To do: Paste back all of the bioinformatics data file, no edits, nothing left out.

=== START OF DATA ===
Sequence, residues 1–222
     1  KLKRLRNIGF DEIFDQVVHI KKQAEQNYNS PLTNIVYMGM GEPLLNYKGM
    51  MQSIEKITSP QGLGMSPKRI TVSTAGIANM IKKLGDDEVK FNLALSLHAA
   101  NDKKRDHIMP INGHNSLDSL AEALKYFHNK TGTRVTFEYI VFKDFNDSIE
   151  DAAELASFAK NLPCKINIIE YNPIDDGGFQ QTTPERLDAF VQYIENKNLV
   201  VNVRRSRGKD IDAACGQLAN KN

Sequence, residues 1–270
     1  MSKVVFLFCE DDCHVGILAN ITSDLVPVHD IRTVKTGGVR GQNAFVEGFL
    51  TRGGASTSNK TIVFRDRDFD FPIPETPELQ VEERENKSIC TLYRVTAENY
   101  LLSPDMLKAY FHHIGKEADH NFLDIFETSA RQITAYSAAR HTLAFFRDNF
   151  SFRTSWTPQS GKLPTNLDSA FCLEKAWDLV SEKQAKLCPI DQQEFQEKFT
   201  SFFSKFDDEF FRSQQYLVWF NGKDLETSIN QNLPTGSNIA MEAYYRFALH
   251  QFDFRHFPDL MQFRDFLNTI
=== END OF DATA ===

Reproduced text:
Sequence, residues 1–222
     1  KLKRLRNIGF DEIFDQVVHI KKQAEQNYNS PLTNIVYMGM GEPLLNYKGM
    51  MQSIEKITSP QGLGMSPKRI TVSTAGIANM IKKLGDDEVK FNLALSLHAA
   101  NDKKRDHIMP INGHNSLDSL AEALKYFHNK TGTRVTFEYI VFKDFNDSIE
   151  DAAELASFAK NLPCKINIIE YNPIDDGGFQ QTTPERLDAF VQYIENKNLV
   201  VNVRRSRGKD IDAACGQLAN KN

Sequence, residues 1–270
     1  MSKVVFLFCE DDCHVGILAN ITSDLVPVHD IRTVKTGGVR GQNAFVEGFL
    51  TRGGASTSNK TIVFRDRDFD FPIPETPELQ VEERENKSIC TLYRVTAENY
   101  LLSPDMLKAY FHHIGKEADH NFLDIFETSA RQITAYSAAR HTLAFFRDNF
   151  SFRTSWTPQS GKLPTNLDSA FCLEKAWDLV SEKQAKLCPI DQQEFQEKFT
   201  SFFSKFDDEF FRSQQYLVWF NGKDLETSIN QNLPTGSNIA MEAYYRFALH
   251  QFDFRHFPDL MQFRDFLNTI